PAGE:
Every tabloid at the supermarket this week featured a picture of Marilyn Monroe on the cover.
It’s the fiftieth anniversary of her death. 1962: The year the blond bombshell’s suicide somehow caused a huge exaggeration of her talent.
I don’t think she was a good actress. She was Hollywood. Her bottle-blond beauty and big breasts made her a star.
Lois Banner’s new biography, Marilyn: The Passion and the Paradox, is one of the big books of the summer. I have a copy of it–a gift. But I realize I’ll never read it. I just don’t like celebrity biographies.
Fortunately every newspaper in the world has reviewed it, so whether I do so or not is negligible.
John Banville, who won the Booker Prize for The Sea, reviewed Banner’s book for the Guardian. He says he fell in love with Marilyn when he was 10 and saw her in River of No Return.
“Oh, that blouse. For a little boy not long weaned himself, breasts were the great desiderata…”
I skimmed a few chapter of Banner’s book. She says Marilyn slept with photographers, film executives, and producers to advance her career. And she slept her way to chaos. Such people are sex addicts, but they use and hurt people. In the workplace, people learn to keep out of their way.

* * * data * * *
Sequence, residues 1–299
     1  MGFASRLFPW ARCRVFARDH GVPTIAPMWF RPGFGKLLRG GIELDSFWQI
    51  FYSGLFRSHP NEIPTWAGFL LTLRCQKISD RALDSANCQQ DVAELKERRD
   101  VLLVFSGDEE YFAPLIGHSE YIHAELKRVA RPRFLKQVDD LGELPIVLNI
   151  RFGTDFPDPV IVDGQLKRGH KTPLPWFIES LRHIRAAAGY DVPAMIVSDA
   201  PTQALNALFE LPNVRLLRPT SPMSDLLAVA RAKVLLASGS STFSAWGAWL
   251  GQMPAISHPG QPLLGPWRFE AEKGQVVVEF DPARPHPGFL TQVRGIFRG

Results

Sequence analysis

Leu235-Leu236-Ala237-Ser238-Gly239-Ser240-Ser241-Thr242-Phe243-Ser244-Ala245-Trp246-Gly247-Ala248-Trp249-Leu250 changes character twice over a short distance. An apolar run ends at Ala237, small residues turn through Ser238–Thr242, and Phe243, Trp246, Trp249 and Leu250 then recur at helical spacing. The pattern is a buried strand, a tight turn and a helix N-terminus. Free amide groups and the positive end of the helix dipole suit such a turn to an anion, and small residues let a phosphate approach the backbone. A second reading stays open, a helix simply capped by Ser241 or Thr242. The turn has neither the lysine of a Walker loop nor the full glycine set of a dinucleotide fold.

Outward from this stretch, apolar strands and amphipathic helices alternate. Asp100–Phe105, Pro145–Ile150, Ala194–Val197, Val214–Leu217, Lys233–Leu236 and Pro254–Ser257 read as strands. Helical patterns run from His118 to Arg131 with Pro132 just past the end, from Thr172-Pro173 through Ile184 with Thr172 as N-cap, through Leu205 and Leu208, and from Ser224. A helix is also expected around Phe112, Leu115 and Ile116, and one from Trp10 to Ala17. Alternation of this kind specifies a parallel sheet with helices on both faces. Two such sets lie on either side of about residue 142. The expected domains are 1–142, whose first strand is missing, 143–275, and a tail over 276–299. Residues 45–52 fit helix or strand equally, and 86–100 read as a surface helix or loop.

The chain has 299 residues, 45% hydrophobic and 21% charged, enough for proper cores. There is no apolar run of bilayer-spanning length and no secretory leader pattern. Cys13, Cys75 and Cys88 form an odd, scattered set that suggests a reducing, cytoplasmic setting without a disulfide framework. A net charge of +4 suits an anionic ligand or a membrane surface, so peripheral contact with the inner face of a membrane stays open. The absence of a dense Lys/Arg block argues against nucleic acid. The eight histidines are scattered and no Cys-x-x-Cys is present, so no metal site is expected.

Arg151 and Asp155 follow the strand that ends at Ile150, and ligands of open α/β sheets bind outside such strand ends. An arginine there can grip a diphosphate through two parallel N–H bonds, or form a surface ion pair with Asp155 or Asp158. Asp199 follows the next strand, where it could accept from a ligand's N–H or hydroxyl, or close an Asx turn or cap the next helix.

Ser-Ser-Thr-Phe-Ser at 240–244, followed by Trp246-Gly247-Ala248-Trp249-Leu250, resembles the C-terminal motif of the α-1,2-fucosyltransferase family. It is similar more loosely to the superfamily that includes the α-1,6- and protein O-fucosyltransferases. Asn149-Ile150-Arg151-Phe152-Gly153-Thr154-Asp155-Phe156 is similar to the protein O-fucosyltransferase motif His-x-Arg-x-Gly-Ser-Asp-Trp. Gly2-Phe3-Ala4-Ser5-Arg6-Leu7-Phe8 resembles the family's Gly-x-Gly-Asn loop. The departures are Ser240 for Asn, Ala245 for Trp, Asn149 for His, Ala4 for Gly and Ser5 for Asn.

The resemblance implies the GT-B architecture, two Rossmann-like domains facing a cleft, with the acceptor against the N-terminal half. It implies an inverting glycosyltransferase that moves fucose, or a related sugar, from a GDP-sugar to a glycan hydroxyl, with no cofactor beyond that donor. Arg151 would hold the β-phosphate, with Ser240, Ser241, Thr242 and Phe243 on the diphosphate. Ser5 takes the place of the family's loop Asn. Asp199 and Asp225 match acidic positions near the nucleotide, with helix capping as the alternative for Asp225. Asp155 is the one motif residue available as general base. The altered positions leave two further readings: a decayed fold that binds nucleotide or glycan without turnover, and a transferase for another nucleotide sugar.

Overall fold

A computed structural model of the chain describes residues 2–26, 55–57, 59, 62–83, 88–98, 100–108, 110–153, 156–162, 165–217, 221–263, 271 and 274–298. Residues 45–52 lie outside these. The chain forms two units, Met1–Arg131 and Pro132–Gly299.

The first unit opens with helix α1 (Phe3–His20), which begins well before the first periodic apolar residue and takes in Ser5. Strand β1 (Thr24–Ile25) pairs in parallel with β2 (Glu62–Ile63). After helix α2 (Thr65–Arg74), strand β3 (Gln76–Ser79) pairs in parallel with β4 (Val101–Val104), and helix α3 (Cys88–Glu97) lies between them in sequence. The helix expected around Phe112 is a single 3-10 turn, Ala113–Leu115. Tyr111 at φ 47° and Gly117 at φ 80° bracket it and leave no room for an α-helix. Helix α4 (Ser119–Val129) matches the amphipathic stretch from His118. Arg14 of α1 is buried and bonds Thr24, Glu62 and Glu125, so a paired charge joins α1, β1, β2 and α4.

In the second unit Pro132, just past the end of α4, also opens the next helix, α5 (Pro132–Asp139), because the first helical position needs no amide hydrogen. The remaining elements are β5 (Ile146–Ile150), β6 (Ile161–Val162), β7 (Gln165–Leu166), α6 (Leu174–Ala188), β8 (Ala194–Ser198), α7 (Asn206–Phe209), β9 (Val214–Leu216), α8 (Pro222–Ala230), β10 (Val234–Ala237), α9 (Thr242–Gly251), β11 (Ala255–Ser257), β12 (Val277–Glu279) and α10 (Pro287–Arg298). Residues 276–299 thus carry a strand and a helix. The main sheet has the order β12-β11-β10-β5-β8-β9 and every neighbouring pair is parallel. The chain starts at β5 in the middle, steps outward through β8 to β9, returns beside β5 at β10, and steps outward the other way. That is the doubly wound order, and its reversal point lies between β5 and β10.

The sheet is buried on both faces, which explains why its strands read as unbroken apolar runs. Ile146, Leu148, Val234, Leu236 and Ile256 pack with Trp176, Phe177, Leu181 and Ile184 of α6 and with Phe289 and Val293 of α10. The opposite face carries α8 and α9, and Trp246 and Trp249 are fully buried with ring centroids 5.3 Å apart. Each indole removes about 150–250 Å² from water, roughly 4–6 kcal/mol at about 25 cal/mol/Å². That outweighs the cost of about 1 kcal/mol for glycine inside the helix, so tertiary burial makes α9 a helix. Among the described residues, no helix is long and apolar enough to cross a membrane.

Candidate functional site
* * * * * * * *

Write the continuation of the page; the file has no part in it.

Years ago a friend gave me a copy of a magazine with a cover story about Marilyn. The writer of the article had a conspiracy theory about Marilyn’s death. It could be true that it was not suicide but murder.
Marilyn Monroe had a lot of problems and a lot of high-powered, dangerous connections. Her beauty intoxicated her, and that’s why she used it, but she was unhappy. Her mother was diagnosed schizophrenic, so Marilyn lived in 11 foster homes, apparently some with relatives, was abused, did poorly in school, and all the rest of that common story. She dramatized her troubles and lied. Apparently she had post-traumatic stress disorder and dissociative disorder.
It’s very sad, but I have no interest in her work, and can think of many other blonde beauties of the era who were better actresses and get less attention. Grace Kelly, Carol Lynley, and Judy Holliday come to mind.
I can only think that it’s Marilyn’s stereotypical bimbo pin-up passivity that excites her fans. She’s dead, pinned-up like a butterfly, so she’s no threat.